A divided Supreme Court Monday heard arguments in a closely watched case involving a California woman who argues that she has a right to know why her husband was denied a visa to come to the United States.

Fauzia Din, a U.S. citizen, married an Afghan man in 2006 and had hoped to bring him to the U.S. to live with her. The State Department rejected his visa application, however, citing a federal law that bars entry to foreigners involved in “terrorist activities.” The government has not elaborated further and has maintained that it does not have to do so.

“All we’re saying is, there’s a liberty interest in not being arbitrarily denied the opportunity to live with your spouse through the erroneous application or interpretation of law by an executive decision,” Mark Haddad, Din’s attorney, told the court.

The government said Supreme Court precedent is on its side.

“This court has repeatedly held that the power to exclude aliens is inherent in sovereignty and necessary to defending the nation against encroachments and dangers,” said Edwin Kneedler, the government’s attorney. “It is a power exercised by the political branches of government.”

The justices are weighing both whether visa denials can be subject to judicial review and whether a person can bring a lawsuit on behalf of a spouse when the spouse’s visa is denied. The case reached the Supreme Court after the U.S. Court of Appeals for the 9th Circuit held that Din was entitled to a “facially legitimate reason” for her husband’s visa denial.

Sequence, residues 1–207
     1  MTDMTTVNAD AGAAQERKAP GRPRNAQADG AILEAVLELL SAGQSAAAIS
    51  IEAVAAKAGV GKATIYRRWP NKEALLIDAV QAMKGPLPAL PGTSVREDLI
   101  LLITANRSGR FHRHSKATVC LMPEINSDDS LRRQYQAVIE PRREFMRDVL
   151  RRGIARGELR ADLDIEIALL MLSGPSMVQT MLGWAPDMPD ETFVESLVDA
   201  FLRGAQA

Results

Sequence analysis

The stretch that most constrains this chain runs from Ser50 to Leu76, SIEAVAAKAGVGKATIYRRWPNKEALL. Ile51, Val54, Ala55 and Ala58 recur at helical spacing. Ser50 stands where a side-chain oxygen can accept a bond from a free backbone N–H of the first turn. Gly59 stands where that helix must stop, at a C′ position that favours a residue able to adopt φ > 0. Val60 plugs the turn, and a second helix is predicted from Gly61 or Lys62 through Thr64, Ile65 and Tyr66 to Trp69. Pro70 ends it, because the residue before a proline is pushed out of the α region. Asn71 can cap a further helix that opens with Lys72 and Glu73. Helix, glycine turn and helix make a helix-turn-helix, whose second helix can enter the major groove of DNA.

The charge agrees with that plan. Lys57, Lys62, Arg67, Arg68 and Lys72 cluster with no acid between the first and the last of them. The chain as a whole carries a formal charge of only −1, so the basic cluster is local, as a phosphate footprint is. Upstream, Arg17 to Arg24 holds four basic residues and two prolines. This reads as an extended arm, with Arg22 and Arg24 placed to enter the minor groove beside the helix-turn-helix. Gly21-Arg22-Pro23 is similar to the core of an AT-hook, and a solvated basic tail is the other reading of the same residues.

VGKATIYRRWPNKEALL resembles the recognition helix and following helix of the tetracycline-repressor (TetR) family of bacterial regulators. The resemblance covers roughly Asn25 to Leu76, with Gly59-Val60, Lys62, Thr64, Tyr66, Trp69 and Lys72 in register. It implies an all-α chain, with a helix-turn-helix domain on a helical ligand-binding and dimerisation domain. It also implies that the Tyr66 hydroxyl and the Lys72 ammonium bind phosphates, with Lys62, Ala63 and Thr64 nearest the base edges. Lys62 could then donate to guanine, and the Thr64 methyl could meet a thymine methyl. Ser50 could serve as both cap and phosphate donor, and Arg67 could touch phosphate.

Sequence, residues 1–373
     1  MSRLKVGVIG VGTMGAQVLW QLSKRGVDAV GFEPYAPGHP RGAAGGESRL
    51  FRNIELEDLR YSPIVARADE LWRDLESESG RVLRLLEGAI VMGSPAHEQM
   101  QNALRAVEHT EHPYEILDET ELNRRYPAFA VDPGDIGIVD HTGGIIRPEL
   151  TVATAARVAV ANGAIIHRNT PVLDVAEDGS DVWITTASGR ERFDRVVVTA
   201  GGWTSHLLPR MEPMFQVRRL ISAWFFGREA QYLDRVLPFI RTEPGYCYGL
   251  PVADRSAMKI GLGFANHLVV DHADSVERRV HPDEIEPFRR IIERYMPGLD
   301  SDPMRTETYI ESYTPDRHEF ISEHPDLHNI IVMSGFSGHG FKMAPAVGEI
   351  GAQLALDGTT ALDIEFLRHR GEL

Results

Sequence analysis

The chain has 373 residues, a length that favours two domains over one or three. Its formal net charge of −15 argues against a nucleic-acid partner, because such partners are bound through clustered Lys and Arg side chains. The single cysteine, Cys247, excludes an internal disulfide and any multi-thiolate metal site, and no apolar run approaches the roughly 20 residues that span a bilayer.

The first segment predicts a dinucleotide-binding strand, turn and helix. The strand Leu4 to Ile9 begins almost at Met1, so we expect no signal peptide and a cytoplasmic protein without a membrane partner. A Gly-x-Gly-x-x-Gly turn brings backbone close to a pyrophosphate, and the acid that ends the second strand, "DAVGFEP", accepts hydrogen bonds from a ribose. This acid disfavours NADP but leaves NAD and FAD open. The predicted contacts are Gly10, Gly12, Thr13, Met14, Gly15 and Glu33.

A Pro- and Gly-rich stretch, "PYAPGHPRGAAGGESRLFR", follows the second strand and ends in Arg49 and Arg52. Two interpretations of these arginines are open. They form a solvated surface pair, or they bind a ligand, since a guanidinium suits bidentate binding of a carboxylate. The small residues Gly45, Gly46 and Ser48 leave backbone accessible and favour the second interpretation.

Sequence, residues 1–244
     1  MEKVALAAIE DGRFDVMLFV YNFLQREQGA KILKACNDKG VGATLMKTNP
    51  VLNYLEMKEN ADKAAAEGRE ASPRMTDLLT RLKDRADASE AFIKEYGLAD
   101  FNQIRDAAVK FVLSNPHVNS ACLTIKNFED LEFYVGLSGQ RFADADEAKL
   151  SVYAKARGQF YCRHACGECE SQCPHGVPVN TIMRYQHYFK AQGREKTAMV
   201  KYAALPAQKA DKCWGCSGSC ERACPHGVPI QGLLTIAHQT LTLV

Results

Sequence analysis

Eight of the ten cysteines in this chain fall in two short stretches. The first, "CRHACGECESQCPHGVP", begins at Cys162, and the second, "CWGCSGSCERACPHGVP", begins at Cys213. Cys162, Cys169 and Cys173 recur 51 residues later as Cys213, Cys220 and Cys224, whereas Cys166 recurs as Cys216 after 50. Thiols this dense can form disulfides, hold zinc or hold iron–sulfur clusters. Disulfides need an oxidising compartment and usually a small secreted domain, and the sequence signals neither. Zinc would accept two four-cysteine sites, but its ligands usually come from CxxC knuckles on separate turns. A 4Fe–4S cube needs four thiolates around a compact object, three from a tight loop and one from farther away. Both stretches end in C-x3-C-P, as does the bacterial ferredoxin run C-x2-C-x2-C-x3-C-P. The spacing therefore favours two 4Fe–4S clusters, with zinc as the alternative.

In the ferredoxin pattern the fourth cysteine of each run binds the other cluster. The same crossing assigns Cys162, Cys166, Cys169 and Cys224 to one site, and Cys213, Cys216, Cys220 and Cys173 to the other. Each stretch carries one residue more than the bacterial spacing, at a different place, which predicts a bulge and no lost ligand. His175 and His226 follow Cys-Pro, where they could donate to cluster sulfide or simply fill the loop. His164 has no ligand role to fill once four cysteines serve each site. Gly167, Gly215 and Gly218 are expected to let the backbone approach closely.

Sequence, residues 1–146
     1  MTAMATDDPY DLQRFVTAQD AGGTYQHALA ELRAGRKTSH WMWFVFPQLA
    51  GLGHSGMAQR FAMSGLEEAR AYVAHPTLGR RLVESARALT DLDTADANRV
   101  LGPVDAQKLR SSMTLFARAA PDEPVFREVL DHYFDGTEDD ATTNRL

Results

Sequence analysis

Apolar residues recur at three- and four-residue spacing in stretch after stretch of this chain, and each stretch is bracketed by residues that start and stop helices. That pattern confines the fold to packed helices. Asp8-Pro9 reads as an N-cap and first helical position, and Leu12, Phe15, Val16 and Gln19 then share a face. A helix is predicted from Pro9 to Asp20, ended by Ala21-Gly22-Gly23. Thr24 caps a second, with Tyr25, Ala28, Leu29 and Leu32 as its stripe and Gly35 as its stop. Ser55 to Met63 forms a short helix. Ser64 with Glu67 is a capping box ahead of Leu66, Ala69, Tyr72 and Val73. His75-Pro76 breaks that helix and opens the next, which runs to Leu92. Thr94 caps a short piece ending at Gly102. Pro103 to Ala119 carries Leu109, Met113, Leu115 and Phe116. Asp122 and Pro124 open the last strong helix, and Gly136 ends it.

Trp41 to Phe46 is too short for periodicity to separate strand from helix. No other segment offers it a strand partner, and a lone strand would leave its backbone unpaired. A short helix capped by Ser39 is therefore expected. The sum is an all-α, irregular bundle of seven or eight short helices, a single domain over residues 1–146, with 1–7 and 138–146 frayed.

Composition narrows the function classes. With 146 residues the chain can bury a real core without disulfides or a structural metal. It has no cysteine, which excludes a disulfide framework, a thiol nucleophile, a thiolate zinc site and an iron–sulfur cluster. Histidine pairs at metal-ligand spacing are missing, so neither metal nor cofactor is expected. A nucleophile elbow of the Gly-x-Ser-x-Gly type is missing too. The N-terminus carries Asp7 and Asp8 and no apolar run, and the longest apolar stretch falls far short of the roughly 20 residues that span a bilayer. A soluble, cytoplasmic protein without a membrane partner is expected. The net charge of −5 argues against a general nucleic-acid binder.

A number of justices expressed skepticism, but Din’s argument did seem to garner some sympathy from others. Justice Sonia Sotomayor pressed the government by asking whether a spouse should have judicial recourse in cases where “someone [is] caught up in an administrative nightmare” because of a mistake.

The court’s more conservative judges were less inclined to see things from Din’s point of view. When Justice Stephen Breyer suggested a visa could be rejected for merely offering the wrong people a place to stay, Justice Antonin Scalia jumped in and said, “Enough for me.”

Chief Justice John Roberts and Scalia both pushed Din’s attorney on whether courts could see a flood of claims from other relatives – or even fiancés – if the court sided with Din.

“In this case,” Haddad responded, “where … there’s no question at all about the validity of the marriage, we are in the heartland of what this court has recognized is an important constitutional right.”

The case, Kerry v. Din, has been widely followed. The American Immigration Lawyers Association and the National Immigrant Justice Center filed an amicus brief describing the importance of the case.

“Absent at least limited judicial review, manifest injustice inevitably will result,” the organizations wrote in their brief, “particularly in circumstances, like those in this case, where a consular official explains the denial of a visa application by offering only a bald citation to a broad and multi-faceted statutory provision.”

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